Conservation Plan Addington Cemetery - Christchurch City Libraries

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Conservation Plan Addington Cemetery - Christchurch City Libraries

3.2

Conservation Plan for Addington Cemetery

potentially the foundations of the Sexton’s shed) have archaeological significance. Baxter’s

Drain at the rear of the site has the potential to provide information on 19 th century water

channels and drains in the city. Analysis of materials used and design of the gravestones

and monuments has the potential to provide information on the source of available raw

materials, and on local crafts.

Scientific Significance

Potentially the cemetery could allow scientific study that could contribute to our

understanding of how materials react in certain conditions, as well as interactions and

reactions of plants and biological growths. Potentially, study could aid understanding of

structural stability, subsidence, and decomposition in cemeteries. Study of bones has the

potential to elucidate our understanding of diseases, nutrition and lifestyles of the past,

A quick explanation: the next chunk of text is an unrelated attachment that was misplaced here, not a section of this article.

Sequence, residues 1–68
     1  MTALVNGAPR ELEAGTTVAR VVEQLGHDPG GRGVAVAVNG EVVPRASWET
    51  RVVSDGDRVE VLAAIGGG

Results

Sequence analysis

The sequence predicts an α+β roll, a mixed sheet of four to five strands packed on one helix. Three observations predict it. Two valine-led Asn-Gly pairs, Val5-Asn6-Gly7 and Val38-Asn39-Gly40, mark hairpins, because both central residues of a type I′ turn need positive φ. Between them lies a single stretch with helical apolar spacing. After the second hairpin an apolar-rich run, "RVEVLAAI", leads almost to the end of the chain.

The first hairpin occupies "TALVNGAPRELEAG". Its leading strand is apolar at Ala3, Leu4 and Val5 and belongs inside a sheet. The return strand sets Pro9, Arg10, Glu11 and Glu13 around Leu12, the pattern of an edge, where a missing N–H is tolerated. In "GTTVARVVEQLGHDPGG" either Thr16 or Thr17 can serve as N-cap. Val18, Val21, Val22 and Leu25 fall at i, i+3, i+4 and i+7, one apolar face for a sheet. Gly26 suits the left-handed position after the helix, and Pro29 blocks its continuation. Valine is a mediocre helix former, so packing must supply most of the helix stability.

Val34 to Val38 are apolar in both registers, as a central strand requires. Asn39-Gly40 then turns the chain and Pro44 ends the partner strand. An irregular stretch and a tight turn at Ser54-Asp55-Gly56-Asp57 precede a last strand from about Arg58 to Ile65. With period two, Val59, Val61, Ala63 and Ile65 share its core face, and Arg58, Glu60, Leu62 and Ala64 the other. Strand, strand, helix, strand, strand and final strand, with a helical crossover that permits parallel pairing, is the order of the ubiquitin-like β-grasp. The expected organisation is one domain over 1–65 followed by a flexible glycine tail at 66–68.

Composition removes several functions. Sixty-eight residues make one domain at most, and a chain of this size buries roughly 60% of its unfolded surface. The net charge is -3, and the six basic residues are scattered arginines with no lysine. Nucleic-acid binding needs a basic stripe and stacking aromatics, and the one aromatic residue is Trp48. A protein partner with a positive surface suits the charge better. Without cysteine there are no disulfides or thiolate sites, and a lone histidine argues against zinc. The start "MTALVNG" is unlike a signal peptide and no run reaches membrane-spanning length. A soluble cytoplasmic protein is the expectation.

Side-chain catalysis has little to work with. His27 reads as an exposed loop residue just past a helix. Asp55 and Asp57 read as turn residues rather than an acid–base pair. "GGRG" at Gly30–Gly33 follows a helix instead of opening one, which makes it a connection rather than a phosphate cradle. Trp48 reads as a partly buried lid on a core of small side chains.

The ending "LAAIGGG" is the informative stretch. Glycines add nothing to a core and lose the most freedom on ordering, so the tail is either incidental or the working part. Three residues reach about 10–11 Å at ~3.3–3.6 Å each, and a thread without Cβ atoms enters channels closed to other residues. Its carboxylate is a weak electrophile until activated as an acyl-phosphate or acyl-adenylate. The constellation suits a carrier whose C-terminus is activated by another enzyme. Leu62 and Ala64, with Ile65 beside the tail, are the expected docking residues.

although such study is not considered appropriate in this sacred burial place.

Future use of ground penetrating radar could identify the burial sites of unmarked graves,

and may help in the understanding of past burial locations.

Significant Features

As a group, the graves and memorials comprise a relatively limited range of styles and

there is very little ostentation, compared to some

monuments in other cemeteries of a

similar

age (compare, for example, the Peacock mausoleum at Linwood Cemetery in

Christchurch). The relatively simple headstones are not untypical of the types of

memorials and headstones found in English Country churchyards of earlier centuries. The

range of materials used in the graves and memorials (including the railings) is largely

typical of other cemeteries in Christchurch of this period. The occasional use of volcanic

stone is significant as a regional indicator of place, but for the most part the stone used at

the

cemetery is imported and is typical of that found in other cemeteries in New Zealand

(eg Karori Cemetery, Waikumete Cemetery) and in many other countries (comparable, for

early 20th example, with many 19 century cemeteries in Australia as well as northern

th and

hemisphere countries such as England).

The mixed vegetation provides the overall setting with a degree of informality and sense of

the passage of time with the combination of man‐made/burial features and natural features.

Plans of the cemetery show there is a degree of formality but on the ground the variety in

size, scale and colours lends the place to a less structured form.

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